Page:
Unidentified aerial phenomena, or UAPs, also known more commonly as unidentified flying objects, or UFOs, have long been a mystery. Besides images captured by distant cameras on fighter jets and tales of UFO sightings, these flying phenomena are yet to be confirmed.
One Harvard professor is taking new steps to explore and solve this mystery. On Monday, Avi Loeb, a professor in the university’s Department of Astronomy, announced the launch of the Galileo Project, which is dedicated to bringing systematic scientific research to investigate these extraterrestrial claims.
The initial inspiration for the Galileo Project came to Loeb in two parts: Both were objects identified near Earth that had looked unusual. The first was “Oumuamua,” discovered by a telescope in Hawaii in 2017 and later known as the first interstellar object to visit this solar system. The second was the Office of the Director of National Intelligence report delivered to Congress on June 25, 2021. However, there were only unclear photographs of UFOs taken from fighter jets and testimonies from pilots.
“To me, that was very intriguing, the existence of both types of objects, and that’s what led to the Galileo Project, trying to figure out the nature of these objects,” Loeb told Boston.com.
After the report was delivered to Congress, Bill Nelson, director of NASA, told CNN in an interview that he wanted scientists at NASA to investigate UFOs from a scientific standpoint. Loeb initially reached out to these scientists, but when he received no reply, he decided to take matters into his own hands.
Loeb believed that the best way to identify these UAPs would be to move away from relying on politicians or military personnel and, instead, use scientific research and instruments.
“It’s a win-win proposition,” Loeb said. “Getting more data, rather than relying on our prejudice, is a way for us to learn about reality and learn something new. And that’s the way science makes progress.”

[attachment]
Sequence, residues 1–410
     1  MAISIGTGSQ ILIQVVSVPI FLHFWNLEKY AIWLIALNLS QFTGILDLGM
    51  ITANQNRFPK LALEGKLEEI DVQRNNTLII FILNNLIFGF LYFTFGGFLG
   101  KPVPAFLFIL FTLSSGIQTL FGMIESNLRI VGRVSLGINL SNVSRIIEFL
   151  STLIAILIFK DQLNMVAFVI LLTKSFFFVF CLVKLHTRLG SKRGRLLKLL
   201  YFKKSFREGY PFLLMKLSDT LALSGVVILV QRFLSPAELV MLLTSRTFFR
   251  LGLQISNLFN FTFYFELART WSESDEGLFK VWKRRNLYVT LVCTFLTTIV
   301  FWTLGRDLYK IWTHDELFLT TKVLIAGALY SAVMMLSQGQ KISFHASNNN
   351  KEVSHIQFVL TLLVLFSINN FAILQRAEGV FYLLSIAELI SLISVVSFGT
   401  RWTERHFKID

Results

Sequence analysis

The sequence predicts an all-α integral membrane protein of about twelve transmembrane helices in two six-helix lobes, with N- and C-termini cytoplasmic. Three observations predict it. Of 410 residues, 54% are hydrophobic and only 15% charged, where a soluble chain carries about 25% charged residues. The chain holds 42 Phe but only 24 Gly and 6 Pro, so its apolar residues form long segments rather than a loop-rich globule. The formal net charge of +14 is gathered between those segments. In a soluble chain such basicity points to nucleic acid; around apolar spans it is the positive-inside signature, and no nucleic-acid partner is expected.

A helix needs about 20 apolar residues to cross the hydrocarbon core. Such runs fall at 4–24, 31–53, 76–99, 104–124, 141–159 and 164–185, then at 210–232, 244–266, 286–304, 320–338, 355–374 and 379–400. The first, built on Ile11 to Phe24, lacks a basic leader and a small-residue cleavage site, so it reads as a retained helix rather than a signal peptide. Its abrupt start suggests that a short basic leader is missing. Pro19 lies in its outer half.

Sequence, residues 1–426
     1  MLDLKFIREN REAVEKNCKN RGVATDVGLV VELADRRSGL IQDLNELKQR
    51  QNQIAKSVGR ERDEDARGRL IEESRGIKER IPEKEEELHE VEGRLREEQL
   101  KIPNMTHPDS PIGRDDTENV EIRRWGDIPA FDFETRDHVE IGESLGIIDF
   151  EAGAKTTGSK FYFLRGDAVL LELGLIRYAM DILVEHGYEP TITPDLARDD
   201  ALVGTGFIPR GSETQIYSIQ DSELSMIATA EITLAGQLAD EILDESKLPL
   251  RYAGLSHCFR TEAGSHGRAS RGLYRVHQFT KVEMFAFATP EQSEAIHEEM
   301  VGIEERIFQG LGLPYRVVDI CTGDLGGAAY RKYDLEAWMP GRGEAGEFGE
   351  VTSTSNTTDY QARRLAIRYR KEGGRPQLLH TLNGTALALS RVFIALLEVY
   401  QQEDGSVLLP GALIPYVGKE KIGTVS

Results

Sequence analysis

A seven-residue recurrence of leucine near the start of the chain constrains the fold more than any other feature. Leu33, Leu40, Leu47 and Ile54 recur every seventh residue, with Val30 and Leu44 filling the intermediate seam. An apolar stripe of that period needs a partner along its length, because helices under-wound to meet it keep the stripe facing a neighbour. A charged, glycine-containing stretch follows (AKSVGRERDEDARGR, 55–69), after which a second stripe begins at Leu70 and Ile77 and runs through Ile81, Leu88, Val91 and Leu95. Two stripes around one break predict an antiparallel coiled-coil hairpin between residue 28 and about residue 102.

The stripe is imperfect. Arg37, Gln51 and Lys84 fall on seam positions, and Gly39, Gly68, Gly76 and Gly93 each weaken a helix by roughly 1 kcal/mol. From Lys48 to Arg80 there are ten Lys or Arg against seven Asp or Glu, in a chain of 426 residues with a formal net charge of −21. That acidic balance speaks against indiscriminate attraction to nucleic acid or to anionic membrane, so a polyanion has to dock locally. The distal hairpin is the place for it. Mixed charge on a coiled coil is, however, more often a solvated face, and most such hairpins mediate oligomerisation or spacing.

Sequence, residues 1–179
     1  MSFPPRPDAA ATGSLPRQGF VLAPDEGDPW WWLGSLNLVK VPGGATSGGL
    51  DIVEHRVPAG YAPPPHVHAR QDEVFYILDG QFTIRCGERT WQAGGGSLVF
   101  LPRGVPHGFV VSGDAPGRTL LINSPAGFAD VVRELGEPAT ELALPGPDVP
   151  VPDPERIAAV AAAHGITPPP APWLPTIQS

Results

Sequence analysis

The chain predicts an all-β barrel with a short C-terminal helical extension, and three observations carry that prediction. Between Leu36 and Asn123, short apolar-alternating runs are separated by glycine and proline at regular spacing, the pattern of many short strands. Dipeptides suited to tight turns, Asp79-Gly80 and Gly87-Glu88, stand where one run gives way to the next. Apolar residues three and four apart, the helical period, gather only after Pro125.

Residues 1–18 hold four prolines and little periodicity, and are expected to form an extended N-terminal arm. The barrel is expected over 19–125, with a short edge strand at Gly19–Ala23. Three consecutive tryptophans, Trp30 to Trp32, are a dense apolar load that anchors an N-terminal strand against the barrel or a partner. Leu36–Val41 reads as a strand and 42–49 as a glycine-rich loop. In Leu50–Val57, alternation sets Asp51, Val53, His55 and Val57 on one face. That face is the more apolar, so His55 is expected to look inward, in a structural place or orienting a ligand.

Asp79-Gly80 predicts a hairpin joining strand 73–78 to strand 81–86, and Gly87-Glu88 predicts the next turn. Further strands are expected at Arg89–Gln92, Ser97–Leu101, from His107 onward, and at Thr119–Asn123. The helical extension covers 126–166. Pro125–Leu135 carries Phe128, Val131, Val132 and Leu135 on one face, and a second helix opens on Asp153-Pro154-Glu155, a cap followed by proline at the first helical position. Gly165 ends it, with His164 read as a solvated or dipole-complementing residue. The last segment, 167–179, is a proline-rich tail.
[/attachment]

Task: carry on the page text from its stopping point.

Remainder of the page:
The team, consisting of 16 researchers, is currently funded by $1.8 million from several donors, and the project will invest in a number of small-aperture telescopes that will be placed in various geographic locations. The data from these telescopes will be fed to a camera, which will relay it to a computer system filtering out objects that might be of interest to the team.
The project has three separate goals it aims to achieve. The first is to obtain high-resolution images of UAP using the telescopes and data using extensive Artificial Intelligence/Deep Learning (AI/DL) and algorithmic approaches. The second is to search for and identify interstellar objects, similar to that of Oumuamua. The project will also search for potential extraterrestrial technological civilizations, or ETCs, that may be orbiting the Earth.
Although investigations on UAPs are already underway by the Department of Defense Unidentified Aerial Phenomena task force, or UAPTF, much of its information is classified data. Instead, the Galileo Project will make its data accessible to the public with full transparency.
“Science is an extension of our childhood curiosity. I don’t want to believe stories from the past, reports and so forth. I just want to reproduce it with new data that we collect with our telescopes,” Loeb said. “If there is something out there, we will find it. And we will find it in a transparent way with open data, and nothing will be hidden.”
In just a few days of the announcement, the Galileo Project has garnered the interest of many. Loeb has received thousands of emails from young people who are interested in engaging with the project. During the past six months where Loeb was giving interviews, he also received interest from donors who gave him the funding that established the foundation of the project.
“I’m excited by the thrill of finding something new,” Loeb said. “I think whenever you look at the sky in a different way, you’re likely to discover something new.”
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